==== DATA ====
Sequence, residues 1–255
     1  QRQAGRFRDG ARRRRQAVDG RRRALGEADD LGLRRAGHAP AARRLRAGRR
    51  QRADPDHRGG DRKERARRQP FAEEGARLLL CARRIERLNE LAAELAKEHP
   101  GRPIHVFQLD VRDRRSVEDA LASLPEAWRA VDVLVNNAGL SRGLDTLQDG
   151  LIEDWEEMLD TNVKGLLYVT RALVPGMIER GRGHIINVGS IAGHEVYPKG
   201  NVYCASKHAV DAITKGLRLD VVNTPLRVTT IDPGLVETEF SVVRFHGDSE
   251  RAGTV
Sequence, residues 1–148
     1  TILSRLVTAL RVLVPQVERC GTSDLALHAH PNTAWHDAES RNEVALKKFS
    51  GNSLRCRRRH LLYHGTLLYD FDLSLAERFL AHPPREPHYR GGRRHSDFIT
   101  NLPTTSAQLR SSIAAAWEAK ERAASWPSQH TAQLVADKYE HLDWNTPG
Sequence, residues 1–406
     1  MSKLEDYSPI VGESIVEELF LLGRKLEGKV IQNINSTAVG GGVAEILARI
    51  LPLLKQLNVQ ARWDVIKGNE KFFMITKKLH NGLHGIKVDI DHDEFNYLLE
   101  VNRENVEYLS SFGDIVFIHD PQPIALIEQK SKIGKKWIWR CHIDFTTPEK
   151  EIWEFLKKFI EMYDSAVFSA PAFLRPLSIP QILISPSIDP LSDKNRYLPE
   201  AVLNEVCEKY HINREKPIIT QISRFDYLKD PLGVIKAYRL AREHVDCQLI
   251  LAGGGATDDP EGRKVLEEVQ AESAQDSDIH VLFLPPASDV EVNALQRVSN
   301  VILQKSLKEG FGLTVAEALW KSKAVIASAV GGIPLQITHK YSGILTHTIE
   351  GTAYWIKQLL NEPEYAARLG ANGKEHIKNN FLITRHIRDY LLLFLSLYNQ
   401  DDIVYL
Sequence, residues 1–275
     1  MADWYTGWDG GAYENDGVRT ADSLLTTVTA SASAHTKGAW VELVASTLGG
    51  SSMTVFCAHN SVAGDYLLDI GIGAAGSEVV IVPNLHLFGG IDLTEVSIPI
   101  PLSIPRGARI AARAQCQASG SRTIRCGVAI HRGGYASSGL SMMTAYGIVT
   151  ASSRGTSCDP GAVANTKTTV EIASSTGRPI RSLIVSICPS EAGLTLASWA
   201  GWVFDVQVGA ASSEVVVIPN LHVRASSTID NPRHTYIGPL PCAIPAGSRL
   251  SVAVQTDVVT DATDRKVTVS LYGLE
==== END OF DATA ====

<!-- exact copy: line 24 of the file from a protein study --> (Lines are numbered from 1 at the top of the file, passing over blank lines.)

    51  SSMTVFCAHN SVAGDYLLDI GIGAAGSEVV IVPNLHLFGG IDLTEVSIPI